A self-styled New York hipster is paid a surprise visit by his younger cousin from Budapest. From initial hostility and indifference a small degree of affection grows between the two. Along... See full summary »
As the extremely withdrawn Don Johnston is dumped by his latest woman, he receives an anonymous letter from a former lover informing him that he has a son who may be looking for him. A freelance sleuth neighbor moves Don to embark on a cross-country search for his old flames in search of answers.
Two innocent people are arrested. An interesting third person, with broken English, joins them in their cell. On his idea, they decide to escape from the prison. Their journey is the rest of the movie.
While both participating in a production of "Death of a Salesman," a teacher's wife is assaulted in her new home, which leaves him determined to find the perpetrator over his wife's traumatized objections.
Exactly one week in the life of a young man named Paterson of Paterson, New Jersey is presented. He lives an extremely regimented and routinized life, that routine perhaps most vividly displayed by the fact that he is able to wake up at exactly the same time every day without an alarm. That life includes eating Cheerios for breakfast, walking to work carrying his brown bag lunch packed in his lunch pail by his wife Laura, having a casual chat with his colleague Donny before he begins his shift driving the #23 Paterson bus for the local public transit company, walking home where he straightens out the exterior mailbox which somehow during the day gets knocked crooked, eating dinner with Laura and listening to her goings-on of the day, taking Laura's English bulldog Marvin - who he would admit to himself he doesn't much like - out for a walk to his neighborhood bar where he has one and only one beer before walking home with Marvin. There are day to day variations which are often the ... Written by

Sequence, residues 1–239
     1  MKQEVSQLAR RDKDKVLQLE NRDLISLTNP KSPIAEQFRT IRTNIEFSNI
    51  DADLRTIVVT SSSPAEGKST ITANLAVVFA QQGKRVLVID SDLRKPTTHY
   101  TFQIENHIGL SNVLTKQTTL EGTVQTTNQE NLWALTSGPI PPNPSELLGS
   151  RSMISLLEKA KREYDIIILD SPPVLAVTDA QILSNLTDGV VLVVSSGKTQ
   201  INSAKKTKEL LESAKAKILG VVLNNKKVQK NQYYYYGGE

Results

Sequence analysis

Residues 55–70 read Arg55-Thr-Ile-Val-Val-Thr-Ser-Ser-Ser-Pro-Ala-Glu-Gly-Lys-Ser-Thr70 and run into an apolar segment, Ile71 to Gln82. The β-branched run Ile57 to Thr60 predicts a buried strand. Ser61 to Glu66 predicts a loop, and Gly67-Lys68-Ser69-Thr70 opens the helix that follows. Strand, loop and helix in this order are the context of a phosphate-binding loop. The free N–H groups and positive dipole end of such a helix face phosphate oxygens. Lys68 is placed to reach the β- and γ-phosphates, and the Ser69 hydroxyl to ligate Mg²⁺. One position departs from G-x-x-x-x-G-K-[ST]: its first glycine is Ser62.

On Empire podcast #237, Adam Driver revealed that he underwent training and became a licensed bus driver. He wanted to be able to be on "auto pilot" while driving the bus. It also meant that the film could feature more authentic footage opening up the possibilities for a greater variety of camera shots. He was taught over a period of three months in Queens, New York City, passing the test one week before filming began. See more »
In "Glow", Paterson writes about 'going downstairs to put the coffee on'. However, he lives in a one story house. See more »
We're having pie for dinner?
Yeah, but a dinner pie.
What do you think's inside?
Inside the secret pie? Uh... I don't know, fish?
No, not fish, silly! Want me to tell you?
Cheddar cheese and brussels sprouts.
[...] See more »
Jim Jarmusch's films often create witty, thought-provoking dialogue with odd characters to captivate the viewer. Paterson, however, is ordinary in every way.
Paterson focuses on the ordinary, meaningless tasks of everyday life and the audience waits patiently for something to happen. It becomes painfully obvious that the overall point is in the "beauty" of seemingly ordinary instances and observations. The main flaw is this: we experience this every day and it is completely paradoxical to watch a movie based on this concept when we see these events daily. It reminds me of having to watch Groundhog Day without the protagonist growing beyond the first day.
Jarmusch's direction does not help or hinder the film, but the writing severely lacks any passion at all whatsoever. This seems intentional, but the actors painfully deliver awkward lines that do not reflect natural conversations. It actually felt like many of them were reading the script for the first time while they were on screen. Due to this, the movie pitifully plods along predictably and ends with a mild artistic, predictable message as well.
What Jim Jarmusch accomplished with Coffee and Cigarettes and Stranger Than Paradise was impressive, but this takes many, many steps back and will be forgotten by the time I watch another movie.
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